The Need for Specific Prevention and Treatment Guidelines for Children
Mother-to-child transmission is an important mode of acquisition of HIV infection and of OIs in children. HIV-infected women coinfected with opportunistic pathogens may be more likely than HIV-uninfected women to vertically transmit these infections to their infants. For example, higher rates of perinatal transmission of hepatitis C and cytomegalovirus have been reported from HIV-infected than from HIV-uninfected women.[7,8] In addition, HIV-infected women or HIV-infected family members coinfected with certain opportunistic pathogens may be more likely to transmit these infections horizontally to their children, increasing the likelihood of primary acquisition of such infections in young children. For example, Mycobacterium tuberculosis infection in children primarily reflects acquisition from family members who have active tuberculosis (TB) disease, and increased incidence and prevalence of TB among HIV-infected individuals are well documented. HIV-exposed or -infected children in the United States may have a higher risk of exposure to M. tuberculosis than would comparably aged children in the general US population because of residence in households with HIV-infected adults. Furthermore, HIV-infected women may have reduced transplacental transfer of antibodies that protect their infants against serious bacterial infections than women without HIV infection. Therefore, these guidelines for treatment and prevention of OIs consider both HIV-infected and HIV-uninfected children born to HIV-infected women.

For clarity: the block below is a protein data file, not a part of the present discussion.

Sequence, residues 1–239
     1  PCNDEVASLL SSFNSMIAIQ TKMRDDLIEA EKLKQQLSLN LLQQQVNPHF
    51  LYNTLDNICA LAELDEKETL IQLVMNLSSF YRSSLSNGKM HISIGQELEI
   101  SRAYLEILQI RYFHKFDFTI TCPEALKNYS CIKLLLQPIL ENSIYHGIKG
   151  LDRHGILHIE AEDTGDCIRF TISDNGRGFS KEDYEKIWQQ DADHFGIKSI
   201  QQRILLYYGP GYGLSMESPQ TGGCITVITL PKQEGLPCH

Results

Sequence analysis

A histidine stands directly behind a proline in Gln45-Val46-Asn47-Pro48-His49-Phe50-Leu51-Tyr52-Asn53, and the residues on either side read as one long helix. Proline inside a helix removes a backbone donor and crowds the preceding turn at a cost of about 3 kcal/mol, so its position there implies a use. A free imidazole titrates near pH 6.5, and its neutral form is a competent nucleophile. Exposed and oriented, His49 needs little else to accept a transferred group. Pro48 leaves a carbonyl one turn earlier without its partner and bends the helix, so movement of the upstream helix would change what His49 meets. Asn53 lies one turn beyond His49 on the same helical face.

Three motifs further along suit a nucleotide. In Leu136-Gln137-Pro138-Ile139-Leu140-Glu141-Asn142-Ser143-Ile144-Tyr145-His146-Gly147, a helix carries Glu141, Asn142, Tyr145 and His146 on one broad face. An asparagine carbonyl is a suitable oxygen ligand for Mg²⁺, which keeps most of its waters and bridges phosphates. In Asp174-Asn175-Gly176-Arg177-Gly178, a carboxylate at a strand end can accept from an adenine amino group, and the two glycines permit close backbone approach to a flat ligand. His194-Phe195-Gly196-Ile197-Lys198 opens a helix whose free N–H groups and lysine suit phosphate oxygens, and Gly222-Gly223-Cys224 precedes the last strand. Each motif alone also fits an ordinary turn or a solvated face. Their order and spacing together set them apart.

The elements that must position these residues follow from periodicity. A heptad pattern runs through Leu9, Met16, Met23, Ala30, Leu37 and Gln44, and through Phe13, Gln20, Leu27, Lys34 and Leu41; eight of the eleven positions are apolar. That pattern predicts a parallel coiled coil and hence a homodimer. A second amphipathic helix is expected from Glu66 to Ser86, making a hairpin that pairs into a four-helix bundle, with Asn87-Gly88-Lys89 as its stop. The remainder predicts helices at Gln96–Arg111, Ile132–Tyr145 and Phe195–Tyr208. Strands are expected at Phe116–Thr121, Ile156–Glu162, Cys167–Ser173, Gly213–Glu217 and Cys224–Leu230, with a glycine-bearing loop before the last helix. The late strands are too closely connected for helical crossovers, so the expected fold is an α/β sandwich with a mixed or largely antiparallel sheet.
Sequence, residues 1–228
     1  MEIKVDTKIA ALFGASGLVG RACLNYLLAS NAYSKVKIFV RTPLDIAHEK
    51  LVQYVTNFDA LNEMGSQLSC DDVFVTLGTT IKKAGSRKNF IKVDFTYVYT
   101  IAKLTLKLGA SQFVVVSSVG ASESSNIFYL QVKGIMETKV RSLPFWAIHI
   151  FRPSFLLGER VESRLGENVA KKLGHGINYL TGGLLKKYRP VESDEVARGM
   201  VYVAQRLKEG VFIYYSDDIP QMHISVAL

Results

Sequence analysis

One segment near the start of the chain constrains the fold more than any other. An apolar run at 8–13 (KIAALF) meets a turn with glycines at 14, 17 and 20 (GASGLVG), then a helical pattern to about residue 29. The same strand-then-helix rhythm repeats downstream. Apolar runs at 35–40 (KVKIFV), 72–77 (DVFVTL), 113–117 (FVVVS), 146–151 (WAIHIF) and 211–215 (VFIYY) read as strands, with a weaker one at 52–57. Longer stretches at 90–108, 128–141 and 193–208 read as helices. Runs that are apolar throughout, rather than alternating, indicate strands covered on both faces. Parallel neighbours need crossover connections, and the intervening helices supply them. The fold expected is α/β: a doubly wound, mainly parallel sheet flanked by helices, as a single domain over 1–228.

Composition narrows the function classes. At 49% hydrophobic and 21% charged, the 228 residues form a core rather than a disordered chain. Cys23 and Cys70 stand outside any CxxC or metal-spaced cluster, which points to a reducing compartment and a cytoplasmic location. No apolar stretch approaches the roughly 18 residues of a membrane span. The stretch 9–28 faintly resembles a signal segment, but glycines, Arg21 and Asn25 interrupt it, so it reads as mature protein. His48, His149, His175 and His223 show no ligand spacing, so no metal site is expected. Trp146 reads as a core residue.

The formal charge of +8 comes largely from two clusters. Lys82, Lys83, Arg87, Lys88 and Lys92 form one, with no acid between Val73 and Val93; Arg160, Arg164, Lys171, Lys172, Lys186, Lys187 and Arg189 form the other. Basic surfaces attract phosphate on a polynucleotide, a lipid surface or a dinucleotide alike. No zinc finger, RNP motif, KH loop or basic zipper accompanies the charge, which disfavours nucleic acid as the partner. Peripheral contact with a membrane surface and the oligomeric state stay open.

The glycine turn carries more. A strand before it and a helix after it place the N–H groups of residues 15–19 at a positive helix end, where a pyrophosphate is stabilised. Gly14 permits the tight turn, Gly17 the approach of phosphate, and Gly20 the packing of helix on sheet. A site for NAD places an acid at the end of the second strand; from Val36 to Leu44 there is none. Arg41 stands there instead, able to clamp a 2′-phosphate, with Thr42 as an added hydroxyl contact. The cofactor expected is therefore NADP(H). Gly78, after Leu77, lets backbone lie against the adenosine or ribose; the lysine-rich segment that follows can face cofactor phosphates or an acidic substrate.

The natural history of OIs in children may differ from that in HIV-infected adults. Many OIs in adults are secondary to reactivation of opportunistic pathogens, which often were acquired before HIV infection when host immunity was intact. However, OIs in HIV-infected children more often reflect primary infection with the pathogen. In addition, among children with perinatal HIV infection, the primary infection with the opportunistic pathogen occurs after HIV infection is established, at a time when the child's immune system may be compromised already. This can lead to different manifestations of specific OIs in children than in adults. For example, young children with TB are more likely than adults to have extrapulmonary and disseminated infection, even without concurrent HIV infection.
Data related to the efficacy of various therapies for OIs in adults are often extrapolated to children, but issues related to drug pharmacokinetics, formulation, ease of administration and dosing and toxicity require special considerations for children. Young children, in particular, metabolize drugs differently from adults and older children, and the volume of distribution differs. Unfortunately, data often are lacking on appropriate drug dosing recommendations for children aged <2 years.
Pediatr Infect Dis J. 2013;32(12):1303-1307. © 2013 Lippincott Williams & Wilkins